After about 6 months of practice, I began to enjoy patience. Then, it hit me. I’d been blaming myself for ‘disappointing’ my father, all along. After all the years of therapy, and fighting with myself, and medication, and… all of it, turns out, that bastard was still in my head. Loving myself, being kind to myself, somehow shined a light in a hidden place, in my mind, and I was, finally, able to dig his poison out.

    I’m not saying I’m totally healed, and life is a perfect string of sunny days, and Disney movies are my reality, but I’m better. Better is pretty damn good, from my perspective.

    Thanks, Carrie, for your post. Patience really is a gift, and if done right, can make our struggle a little easier to bear.

    Liked by 2 people

    1. Thank you mimicreature for this, I hope that other readers will take away as much from it as I did.

      Love the concept of ‘creating space in the space between,’ have never thought of it that way, but that is what I have been doing over the years, to teach myself patience, and to continue to practice it. I encourage everyone to try out this method if you’re struggling with patience, or resisting the word.

      Life isn’t a “Disney movie” for anyone, even the people in them, life happens on it’s own terms, it’s how we choose to react, or not react to it that makes us who we are, and can give us peace of mind and find some light on a darkened path.

      My hope for this blog is not to heal people, I alone can’t do that, the work has to come from each person themselves, and, I don’t believe we are ever really healed from anything, we can’t erase the past, but we find a way to move on, to rise above, and to find strength, so hopefully SLAYERS you are finding some strength in these words and trusting that the struggle can get easier, and will if you do the work.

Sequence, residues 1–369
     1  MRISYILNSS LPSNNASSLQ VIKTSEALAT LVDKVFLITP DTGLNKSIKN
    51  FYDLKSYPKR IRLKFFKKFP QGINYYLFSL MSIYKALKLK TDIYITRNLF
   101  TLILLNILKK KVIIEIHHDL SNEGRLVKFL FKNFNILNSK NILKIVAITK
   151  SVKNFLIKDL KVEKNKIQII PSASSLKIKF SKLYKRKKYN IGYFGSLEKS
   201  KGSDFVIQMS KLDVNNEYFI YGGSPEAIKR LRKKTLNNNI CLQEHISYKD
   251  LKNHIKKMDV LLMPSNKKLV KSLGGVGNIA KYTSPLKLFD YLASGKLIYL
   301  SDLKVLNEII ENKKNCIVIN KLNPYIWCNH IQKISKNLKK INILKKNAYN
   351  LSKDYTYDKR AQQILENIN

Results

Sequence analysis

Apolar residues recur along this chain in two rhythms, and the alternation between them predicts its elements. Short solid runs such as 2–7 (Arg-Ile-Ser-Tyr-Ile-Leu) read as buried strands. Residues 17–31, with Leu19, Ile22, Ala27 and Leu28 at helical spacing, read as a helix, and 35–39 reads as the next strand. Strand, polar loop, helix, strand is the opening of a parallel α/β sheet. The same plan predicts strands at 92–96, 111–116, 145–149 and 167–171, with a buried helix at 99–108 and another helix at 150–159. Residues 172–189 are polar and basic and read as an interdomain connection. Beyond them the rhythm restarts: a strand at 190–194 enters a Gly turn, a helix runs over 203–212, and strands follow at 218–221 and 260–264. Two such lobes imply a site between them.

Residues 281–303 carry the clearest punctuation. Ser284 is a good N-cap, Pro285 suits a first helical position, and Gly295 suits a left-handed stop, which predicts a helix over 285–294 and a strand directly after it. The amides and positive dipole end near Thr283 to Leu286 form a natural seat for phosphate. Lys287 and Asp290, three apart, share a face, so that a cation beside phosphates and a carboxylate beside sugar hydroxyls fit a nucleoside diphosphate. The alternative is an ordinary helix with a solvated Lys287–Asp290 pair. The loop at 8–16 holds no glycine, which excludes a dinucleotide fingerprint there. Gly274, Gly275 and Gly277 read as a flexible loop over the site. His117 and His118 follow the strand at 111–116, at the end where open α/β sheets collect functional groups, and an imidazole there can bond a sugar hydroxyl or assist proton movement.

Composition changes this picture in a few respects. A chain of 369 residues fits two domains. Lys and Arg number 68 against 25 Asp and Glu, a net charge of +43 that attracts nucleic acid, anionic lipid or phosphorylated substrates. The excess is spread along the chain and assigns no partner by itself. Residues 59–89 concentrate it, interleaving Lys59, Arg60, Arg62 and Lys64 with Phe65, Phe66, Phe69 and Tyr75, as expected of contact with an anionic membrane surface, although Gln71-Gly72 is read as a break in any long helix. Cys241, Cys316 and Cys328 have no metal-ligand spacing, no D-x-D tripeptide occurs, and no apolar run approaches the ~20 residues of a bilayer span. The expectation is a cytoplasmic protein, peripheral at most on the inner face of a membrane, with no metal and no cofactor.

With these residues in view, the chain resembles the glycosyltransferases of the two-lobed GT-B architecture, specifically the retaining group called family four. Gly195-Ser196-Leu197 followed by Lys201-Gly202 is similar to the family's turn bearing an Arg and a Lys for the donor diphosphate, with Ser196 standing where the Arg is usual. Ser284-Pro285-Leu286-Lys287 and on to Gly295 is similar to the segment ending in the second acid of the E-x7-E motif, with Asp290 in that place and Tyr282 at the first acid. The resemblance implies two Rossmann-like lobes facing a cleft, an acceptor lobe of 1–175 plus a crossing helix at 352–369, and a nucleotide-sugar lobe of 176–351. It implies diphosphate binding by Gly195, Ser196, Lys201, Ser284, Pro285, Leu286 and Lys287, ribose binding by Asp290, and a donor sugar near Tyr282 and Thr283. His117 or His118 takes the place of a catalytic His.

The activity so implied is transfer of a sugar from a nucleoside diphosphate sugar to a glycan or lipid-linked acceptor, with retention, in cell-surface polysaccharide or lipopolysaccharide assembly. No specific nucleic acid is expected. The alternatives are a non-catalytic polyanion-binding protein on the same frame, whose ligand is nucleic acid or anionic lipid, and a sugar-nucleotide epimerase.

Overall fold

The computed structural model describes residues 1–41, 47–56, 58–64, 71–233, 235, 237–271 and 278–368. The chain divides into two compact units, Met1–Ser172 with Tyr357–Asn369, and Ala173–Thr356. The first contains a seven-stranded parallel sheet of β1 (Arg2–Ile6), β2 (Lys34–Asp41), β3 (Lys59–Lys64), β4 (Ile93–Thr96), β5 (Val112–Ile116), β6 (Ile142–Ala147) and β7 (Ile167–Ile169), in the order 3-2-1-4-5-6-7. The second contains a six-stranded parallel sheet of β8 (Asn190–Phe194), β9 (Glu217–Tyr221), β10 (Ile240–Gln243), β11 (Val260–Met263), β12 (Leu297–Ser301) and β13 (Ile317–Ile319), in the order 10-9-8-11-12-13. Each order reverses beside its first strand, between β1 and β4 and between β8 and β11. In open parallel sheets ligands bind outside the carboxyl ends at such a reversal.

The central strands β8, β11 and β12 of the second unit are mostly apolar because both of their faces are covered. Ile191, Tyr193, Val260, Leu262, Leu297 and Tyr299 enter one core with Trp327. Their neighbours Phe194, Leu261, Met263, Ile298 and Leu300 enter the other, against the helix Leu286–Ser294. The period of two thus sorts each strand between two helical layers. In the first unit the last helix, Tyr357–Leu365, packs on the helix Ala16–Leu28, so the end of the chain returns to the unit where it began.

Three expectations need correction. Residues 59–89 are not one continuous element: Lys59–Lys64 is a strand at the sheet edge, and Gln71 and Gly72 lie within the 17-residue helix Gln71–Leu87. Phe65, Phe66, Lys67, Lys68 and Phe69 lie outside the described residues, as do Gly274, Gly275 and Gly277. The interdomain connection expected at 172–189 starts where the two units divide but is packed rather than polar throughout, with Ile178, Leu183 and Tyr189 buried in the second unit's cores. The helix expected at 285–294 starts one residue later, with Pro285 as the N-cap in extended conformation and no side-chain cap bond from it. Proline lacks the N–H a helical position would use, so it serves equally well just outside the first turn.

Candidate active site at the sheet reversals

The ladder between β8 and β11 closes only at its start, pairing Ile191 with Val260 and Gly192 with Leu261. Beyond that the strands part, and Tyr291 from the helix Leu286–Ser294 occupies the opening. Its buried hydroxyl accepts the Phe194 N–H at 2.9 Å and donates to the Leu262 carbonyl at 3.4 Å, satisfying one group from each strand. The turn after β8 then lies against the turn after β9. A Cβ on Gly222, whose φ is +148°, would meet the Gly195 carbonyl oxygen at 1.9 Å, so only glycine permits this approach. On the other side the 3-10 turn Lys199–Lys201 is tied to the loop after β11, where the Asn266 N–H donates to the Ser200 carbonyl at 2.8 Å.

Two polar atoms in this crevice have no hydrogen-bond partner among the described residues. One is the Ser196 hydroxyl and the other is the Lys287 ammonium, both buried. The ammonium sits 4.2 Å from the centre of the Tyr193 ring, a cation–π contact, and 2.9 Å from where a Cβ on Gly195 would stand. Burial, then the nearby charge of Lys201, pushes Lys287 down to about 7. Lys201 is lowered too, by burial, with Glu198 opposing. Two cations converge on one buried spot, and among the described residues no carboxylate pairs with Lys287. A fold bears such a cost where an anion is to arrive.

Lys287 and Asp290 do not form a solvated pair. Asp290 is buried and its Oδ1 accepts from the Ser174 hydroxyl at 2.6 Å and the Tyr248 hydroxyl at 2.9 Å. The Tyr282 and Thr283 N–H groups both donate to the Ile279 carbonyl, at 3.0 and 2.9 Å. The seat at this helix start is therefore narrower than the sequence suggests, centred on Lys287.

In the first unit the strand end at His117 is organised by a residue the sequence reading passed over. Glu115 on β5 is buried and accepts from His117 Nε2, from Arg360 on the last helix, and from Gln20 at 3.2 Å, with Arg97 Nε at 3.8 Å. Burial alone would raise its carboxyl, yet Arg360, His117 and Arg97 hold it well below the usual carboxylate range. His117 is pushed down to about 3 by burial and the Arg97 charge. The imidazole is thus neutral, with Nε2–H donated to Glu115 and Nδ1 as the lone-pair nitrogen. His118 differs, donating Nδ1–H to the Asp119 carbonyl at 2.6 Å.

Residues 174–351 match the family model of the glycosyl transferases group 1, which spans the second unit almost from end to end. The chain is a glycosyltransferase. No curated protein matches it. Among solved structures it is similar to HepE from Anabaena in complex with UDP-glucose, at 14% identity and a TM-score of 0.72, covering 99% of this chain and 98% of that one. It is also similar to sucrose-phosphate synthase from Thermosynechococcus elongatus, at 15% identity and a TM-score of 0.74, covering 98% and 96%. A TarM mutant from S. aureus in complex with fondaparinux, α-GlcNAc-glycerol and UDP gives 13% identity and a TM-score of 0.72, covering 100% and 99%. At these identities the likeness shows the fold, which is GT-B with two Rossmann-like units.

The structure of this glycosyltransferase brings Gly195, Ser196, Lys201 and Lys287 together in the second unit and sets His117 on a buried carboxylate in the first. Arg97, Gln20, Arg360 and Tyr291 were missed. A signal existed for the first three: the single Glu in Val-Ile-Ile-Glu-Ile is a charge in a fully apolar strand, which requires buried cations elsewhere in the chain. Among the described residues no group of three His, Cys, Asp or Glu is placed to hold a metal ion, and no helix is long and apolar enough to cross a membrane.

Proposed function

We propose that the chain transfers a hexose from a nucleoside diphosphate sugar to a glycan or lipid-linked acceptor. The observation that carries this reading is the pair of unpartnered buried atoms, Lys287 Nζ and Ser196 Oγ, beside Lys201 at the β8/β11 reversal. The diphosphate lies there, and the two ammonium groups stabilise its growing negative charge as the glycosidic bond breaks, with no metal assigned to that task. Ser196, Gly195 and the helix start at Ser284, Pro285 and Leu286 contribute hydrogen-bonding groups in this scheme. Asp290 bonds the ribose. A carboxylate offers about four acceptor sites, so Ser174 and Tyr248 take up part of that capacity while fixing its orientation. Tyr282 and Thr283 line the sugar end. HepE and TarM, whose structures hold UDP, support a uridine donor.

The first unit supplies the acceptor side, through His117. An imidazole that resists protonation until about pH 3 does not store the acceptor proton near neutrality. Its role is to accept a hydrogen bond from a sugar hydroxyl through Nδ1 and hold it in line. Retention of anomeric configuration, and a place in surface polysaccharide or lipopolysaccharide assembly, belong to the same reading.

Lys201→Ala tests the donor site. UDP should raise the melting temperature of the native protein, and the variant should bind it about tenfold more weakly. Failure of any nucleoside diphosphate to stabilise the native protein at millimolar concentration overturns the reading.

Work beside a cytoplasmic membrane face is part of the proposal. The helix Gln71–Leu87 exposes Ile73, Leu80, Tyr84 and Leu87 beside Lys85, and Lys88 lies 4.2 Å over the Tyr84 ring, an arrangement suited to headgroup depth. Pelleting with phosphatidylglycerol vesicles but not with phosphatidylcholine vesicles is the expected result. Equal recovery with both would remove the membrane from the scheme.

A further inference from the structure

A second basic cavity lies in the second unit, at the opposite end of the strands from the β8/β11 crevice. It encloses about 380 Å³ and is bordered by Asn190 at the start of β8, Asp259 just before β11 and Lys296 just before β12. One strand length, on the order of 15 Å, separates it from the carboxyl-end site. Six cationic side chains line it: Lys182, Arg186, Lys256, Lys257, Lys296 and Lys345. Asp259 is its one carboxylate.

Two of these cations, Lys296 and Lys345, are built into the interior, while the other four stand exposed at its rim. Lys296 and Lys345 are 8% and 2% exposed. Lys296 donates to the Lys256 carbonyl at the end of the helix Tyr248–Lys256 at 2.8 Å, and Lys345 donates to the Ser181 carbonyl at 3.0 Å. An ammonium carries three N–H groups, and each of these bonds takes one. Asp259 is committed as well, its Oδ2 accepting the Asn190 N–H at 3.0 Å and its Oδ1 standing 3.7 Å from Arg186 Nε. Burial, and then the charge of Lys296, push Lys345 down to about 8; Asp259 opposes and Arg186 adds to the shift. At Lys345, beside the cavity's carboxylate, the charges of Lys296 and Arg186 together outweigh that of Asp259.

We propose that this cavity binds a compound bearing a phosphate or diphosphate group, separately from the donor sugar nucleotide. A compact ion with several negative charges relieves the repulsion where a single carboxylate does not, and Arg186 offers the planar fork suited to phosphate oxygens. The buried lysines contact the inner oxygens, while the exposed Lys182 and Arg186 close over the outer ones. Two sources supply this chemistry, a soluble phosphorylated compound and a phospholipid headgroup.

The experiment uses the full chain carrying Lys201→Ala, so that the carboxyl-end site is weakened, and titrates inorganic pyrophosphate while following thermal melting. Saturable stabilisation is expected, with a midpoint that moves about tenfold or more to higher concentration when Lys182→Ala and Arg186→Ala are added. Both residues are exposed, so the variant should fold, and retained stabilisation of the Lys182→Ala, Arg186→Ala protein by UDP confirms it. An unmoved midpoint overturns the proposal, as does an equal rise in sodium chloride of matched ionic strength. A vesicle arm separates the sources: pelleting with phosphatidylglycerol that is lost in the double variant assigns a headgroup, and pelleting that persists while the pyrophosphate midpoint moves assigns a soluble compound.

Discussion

Much love to you today mimicreature, thank you for sharing your beautiful soul with all of us.

      SLAY on!

      Liked by 2 people

  3. Patience, something that was left out of my DNA. My mom will tell you I was the kid that had to have whatever I was working on done “right now!” Over the years I’ve come to realize that it was out of fear of failure guiding my desire rather a bratty kid. I certainly wasn’t raised a brat.

    My Dad was in the MI of the Army, then a patrolman, detective and finally finished his career with ATF close to 30 yrs. That left Mom to raise us as he was out finding the criminals (who don’t ask permission first before they blow things up). I had a fear of authority, I think because of Dad’s position and the way he carried himself. I never wanted to make him mad. Still don’t. And yet I’ve grown up enough I don’t seek his permission either. But my fear of failure relates directly a lack of patience because I want whatever it is/was done and perfect whether it was schoolwork, undergrad, grad papers, finding a cure/working meds so I can function in the real world, a working program that keeps my kids stable with all their mental health needs, etc.

    It’s overwhelming and I feel like the serpent is eating it’s own tail on this one. Patience /Fear of failure/still have authority issues (deep dark night of the soul here – but now I lash out too)

    Your question on forgiveness. I’m sorry, too painful and I can talk about it publicly. I hope you understand.

    Liked by 2 people

    1. But you are talking about it Michelle, and thank you for that.

      We are only as sick as our secrets, those things we think we can’t share for fear of judgement, retaliation, or isolation, by opening up today I feel a connection to you, and I’m sure others who will read your comments will as well, but it’s a process, one that you’ll opened the door to by reaching out today.

      We are not our past, and we are not what happened to us, we now have the chance to break the cycle and move forward.

      I hope you will continue to SLAY with us here and share your thoughts on your journey.

      We all have a commonalty here, and there is strength in that.

      SLAY on.

      Liked by 3 people